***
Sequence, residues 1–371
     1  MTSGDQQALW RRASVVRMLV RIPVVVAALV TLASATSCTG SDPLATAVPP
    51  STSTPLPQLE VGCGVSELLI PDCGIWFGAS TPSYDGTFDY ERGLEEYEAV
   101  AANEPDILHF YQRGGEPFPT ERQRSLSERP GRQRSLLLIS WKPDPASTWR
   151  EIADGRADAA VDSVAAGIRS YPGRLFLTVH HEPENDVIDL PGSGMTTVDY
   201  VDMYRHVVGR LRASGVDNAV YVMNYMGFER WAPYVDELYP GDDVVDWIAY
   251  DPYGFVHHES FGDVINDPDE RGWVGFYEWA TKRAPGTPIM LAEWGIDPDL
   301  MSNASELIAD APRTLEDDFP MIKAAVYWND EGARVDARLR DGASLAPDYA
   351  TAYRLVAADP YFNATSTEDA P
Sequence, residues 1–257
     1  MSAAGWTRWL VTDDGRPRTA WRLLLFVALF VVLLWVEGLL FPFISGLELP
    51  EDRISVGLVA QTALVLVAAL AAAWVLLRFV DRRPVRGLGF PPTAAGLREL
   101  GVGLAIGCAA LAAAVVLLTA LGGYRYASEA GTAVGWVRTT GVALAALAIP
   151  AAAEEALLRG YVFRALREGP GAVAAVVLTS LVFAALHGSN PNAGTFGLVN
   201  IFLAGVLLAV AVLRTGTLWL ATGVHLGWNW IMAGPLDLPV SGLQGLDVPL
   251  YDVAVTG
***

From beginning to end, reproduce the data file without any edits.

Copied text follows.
Sequence, residues 1–371
     1  MTSGDQQALW RRASVVRMLV RIPVVVAALV TLASATSCTG SDPLATAVPP
    51  STSTPLPQLE VGCGVSELLI PDCGIWFGAS TPSYDGTFDY ERGLEEYEAV
   101  AANEPDILHF YQRGGEPFPT ERQRSLSERP GRQRSLLLIS WKPDPASTWR
   151  EIADGRADAA VDSVAAGIRS YPGRLFLTVH HEPENDVIDL PGSGMTTVDY
   201  VDMYRHVVGR LRASGVDNAV YVMNYMGFER WAPYVDELYP GDDVVDWIAY
   251  DPYGFVHHES FGDVINDPDE RGWVGFYEWA TKRAPGTPIM LAEWGIDPDL
   301  MSNASELIAD APRTLEDDFP MIKAAVYWND EGARVDARLR DGASLAPDYA
   351  TAYRLVAADP YFNATSTEDA P
Sequence, residues 1–257
     1  MSAAGWTRWL VTDDGRPRTA WRLLLFVALF VVLLWVEGLL FPFISGLELP
    51  EDRISVGLVA QTALVLVAAL AAAWVLLRFV DRRPVRGLGF PPTAAGLREL
   101  GVGLAIGCAA LAAAVVLLTA LGGYRYASEA GTAVGWVRTT GVALAALAIP
   151  AAAEEALLRG YVFRALREGP GAVAAVVLTS LVFAALHGSN PNAGTFGLVN
   201  IFLAGVLLAV AVLRTGTLWL ATGVHLGWNW IMAGPLDLPV SGLQGLDVPL
   251  YDVAVTG